Metropolitan News-Enterprise


Friday, June 27, 2014


Page 1


C.A. Upholds Ruling on Lack of Standing to Challenge Tax


By a MetNews Staff Writer


The Court of Appeal for this district has rejected a challenge to Los Angeles County’s collection of hotel bed taxes, saying the plaintiff lacked standing to bring it.

Rajendra Pershadsingh had claimed in a class action complaint that a two percent increase in the tax, enacted by the Board of Supervisors in 1991, violated the voter approval requirements of Proposition 62, because the board did not submit the increase to the voters.

Pershadsingh sued after the county turned down his refund claim. He alleged in his claim, and in the complaint, that he had standing because he had paid the tax for a one-night hotel stay.

The county objected, saying the evidence showed that Pershadsingh’s corporation, of which he was the sole officer and shareholder, paid the tax, meaning he lacked standing to sue, either for himself or for the class. Los Angeles Superior Court Judge Elihu Berle agreed, and also denied the plaintiff’s motion to amend the complaint to name the corporation as plaintiff, saying the corporation lacked standing because it did not file a refund claim.

The Court of Appeal Wednesday affirmed the ensuing judgment.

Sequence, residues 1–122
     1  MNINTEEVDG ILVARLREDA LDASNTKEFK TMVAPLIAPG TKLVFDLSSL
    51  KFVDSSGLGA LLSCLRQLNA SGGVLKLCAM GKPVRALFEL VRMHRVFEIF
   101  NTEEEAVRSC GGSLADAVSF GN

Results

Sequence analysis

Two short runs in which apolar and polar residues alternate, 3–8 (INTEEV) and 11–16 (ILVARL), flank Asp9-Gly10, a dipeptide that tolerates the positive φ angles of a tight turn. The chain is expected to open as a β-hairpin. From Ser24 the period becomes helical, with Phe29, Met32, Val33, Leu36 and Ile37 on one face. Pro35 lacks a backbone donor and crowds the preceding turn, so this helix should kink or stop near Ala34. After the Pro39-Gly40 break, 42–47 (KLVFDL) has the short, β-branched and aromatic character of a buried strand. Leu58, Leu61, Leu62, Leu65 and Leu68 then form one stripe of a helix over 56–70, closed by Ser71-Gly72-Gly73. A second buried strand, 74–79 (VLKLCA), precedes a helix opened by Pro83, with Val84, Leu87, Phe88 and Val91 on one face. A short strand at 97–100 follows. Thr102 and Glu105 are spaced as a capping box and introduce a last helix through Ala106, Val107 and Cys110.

“Compliance with the Government Claims Act is a mandatory requirement before filing suit,” Justice Thomas Willhite Jr. wrote for Div. Four in an unpublished opinion.

The plaintiff’s argument that as a subchapter S corporation, his company’s identity and his own are indistinct is unavailing, Willhite said, because it wasn’t made in the trial court.

Nor does the alter ego doctrine apply, the justice said. The purpose of the doctrine is to prevent the abuse of the corporate form to the detriment of creditors, he explained.

“It does not apply to permit a shareholder to pierce the corporate veil so as to assert a personal claim when the corporation, which has a separate existence, is injured,” Willhite wrote.

An attorney for the county said the ruling saves the county from having to refund $40 million to $50 million in tax collections.  

Attorneys on appeal were David W.T. Brown and Paul E. Heidenreich of

Huskinson, Brown & Heidenreich for the plaintiff and Lloyd W. Pellman, Winfield D. Wilson and Stephen P. Wiman of Nossaman LLP for the county.

The case is Pershadsingh v. County of Los Angeles, B247727.


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